WordPress includes a huge community of users and you can really own your blog. Unlike other options that host your content, but restrict your design choices, WordPress lets you go wild – if you want to. WordPress provides a guide for getting started, and we will use this as a reference. But I will help make some of the choices up front a little more clear.

There are some questions I want you to consider:

  • Do you want to invest a fair bit of time in this? Will you do it for a longer period of time (after school)?
  • Do you want to have your own domain, like PaulRocks.com? Or could you care less about the name?
  • Do you want to host your own site on a server either you own or rent? Do these words make sense to you?

Regardless of the answers – we can help you. For those that answer yes to wanting a domain and to host it – we can help with the choices here.

At a bare minimum, everyone participating in the course should go to WordPress and start and account. Do that by clicking here. The limit here is that you won’t have full access to plugins and themes. This limits how you can customize or personalize the site.

WordPress will try to get you going right away from that link. As you can see they will help you buy a domain and even host it for you. If you want to dive in and do that – feel free! Or go with the free option.

Alternatively, you can setup your own domain, often its a cheaper option (namecheap.com is my favorite).

To host your own site and make your own custom install, you need to pay for space on a server. There are many options and prices range from a few dollars a month to $20. PC Magazine recently reviewed a number of them and compared them.

Have Shiny Blog, Will Travel

Ok, once you are up and running its time to write! We can discuss this in the workshop. But one of the best ways to write well is read more. Find some blogs you like and see how they do it. Once you have a WordPress account you can browse the many sites that use their platform. Some basic tips: keep it shorter (I try for 1000-1500 words). Add images, maps or figures – they break up the tendency for sleep inducing text events. Keep it current and try to post regularly.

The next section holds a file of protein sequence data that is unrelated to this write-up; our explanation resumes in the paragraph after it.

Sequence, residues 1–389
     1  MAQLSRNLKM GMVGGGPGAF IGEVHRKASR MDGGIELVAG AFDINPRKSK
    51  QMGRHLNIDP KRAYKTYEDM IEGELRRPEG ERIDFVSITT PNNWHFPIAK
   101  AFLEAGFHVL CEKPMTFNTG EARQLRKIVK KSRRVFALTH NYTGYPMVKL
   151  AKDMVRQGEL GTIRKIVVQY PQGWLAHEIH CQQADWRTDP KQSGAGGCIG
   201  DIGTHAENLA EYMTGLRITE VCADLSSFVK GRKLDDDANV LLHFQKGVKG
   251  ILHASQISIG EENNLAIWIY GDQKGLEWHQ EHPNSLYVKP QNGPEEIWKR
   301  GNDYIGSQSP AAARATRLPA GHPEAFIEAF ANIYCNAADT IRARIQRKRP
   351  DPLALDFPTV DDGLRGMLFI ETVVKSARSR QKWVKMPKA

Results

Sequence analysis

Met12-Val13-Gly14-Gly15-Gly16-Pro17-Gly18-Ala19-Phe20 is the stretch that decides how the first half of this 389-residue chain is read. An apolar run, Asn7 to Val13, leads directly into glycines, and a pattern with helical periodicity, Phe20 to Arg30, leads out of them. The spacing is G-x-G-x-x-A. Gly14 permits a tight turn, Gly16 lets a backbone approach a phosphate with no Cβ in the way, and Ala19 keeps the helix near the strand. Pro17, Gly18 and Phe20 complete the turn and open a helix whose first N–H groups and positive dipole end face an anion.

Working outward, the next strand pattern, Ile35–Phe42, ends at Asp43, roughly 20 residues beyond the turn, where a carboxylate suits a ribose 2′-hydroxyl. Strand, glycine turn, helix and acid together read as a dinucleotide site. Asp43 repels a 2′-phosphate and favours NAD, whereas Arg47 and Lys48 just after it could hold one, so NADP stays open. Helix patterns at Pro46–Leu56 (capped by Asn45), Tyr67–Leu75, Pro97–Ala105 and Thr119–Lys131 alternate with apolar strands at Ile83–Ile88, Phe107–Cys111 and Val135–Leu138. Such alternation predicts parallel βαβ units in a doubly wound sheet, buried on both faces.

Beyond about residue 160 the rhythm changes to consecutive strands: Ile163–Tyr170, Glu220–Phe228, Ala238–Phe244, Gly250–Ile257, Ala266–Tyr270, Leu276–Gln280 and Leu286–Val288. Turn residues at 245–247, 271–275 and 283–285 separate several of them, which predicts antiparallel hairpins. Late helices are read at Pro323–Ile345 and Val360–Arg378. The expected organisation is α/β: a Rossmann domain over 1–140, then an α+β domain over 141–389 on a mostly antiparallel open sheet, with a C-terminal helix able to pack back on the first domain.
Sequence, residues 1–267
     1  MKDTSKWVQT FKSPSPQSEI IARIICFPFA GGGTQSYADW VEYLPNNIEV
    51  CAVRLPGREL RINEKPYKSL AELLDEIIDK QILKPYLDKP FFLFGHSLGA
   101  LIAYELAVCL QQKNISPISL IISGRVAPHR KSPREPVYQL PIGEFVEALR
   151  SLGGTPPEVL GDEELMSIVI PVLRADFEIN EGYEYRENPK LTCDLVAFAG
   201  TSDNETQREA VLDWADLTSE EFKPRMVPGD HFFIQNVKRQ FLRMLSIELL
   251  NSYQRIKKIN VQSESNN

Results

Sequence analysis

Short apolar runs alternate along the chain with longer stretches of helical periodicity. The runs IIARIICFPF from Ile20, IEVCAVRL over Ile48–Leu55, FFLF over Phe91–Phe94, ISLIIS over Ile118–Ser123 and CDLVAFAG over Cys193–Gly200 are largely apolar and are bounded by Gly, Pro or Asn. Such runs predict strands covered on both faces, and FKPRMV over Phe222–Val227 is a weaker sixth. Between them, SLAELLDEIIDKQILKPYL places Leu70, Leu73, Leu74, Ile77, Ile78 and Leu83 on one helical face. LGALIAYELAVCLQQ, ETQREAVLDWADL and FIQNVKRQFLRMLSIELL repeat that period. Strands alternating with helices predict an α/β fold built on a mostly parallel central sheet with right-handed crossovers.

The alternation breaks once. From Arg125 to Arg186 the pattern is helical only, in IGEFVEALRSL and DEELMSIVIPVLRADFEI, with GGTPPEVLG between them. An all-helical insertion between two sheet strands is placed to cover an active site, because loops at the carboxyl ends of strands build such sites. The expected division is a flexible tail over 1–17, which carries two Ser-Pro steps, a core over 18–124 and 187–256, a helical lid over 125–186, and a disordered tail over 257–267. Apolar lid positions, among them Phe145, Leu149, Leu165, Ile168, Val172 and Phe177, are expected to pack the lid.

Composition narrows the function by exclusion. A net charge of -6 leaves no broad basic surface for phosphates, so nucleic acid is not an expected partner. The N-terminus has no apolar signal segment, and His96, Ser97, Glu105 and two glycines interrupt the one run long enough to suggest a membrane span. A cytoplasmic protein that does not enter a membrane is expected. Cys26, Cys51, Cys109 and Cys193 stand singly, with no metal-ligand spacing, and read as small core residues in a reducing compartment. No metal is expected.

Some blog examples:

http://tressiemc.com/

http://blog.castac.org/

http://www.kevintbaker.com/

http://blogs.oregonstate.edu/seagrantscholars/

http://fivethirtyeight.com/

http://lucybellwood.com/

Go to the next level!

Once you get into this you will discover you can tinker endlessly. Themes come from all over and there are some amazing ones out there for free. Or you can pay for a developer to help you out with a theme or even a graphic design to give you that special something.

Plugins are endless – there are mapping tools, data tools, integration with social media, and on and on. We can explore some of these when we meet too.

Some Brief Aphorisms on Blogging We’ll Discuss

  • Promote you writing. Don’t write to promote.
  • Know your audience and meet them where they are.
  • Imitation is indeed the sincerest form of flattery.

See you February 9, 2016 – over in MCB 123.

If you have questions, ideas or comments – share them below!